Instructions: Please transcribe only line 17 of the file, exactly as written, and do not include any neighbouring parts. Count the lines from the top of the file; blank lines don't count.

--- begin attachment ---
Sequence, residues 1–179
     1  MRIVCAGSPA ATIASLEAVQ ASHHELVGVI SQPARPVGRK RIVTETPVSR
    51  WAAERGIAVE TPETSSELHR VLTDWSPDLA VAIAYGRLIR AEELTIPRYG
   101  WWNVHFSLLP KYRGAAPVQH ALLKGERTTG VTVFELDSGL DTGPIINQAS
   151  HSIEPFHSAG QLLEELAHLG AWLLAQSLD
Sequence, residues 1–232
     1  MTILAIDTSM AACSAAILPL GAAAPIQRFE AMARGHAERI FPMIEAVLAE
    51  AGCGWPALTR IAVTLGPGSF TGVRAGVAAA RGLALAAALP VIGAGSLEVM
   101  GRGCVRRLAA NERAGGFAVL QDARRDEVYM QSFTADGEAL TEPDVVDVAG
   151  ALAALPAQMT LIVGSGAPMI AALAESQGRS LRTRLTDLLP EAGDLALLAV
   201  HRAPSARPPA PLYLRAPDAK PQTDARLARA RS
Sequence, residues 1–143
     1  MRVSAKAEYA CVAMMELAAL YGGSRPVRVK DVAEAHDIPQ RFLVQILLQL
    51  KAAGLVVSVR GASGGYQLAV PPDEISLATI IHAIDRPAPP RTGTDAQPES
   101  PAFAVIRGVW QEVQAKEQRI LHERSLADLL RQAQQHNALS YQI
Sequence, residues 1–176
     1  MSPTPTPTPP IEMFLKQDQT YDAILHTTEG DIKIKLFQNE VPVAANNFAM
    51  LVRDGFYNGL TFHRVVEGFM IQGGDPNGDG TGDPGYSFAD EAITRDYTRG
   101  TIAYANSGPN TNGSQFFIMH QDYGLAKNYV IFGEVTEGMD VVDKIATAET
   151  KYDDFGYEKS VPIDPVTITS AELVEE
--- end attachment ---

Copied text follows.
     1  MSPTPTPTPP IEMFLKQDQT YDAILHTTEG DIKIKLFQNE VPVAANNFAM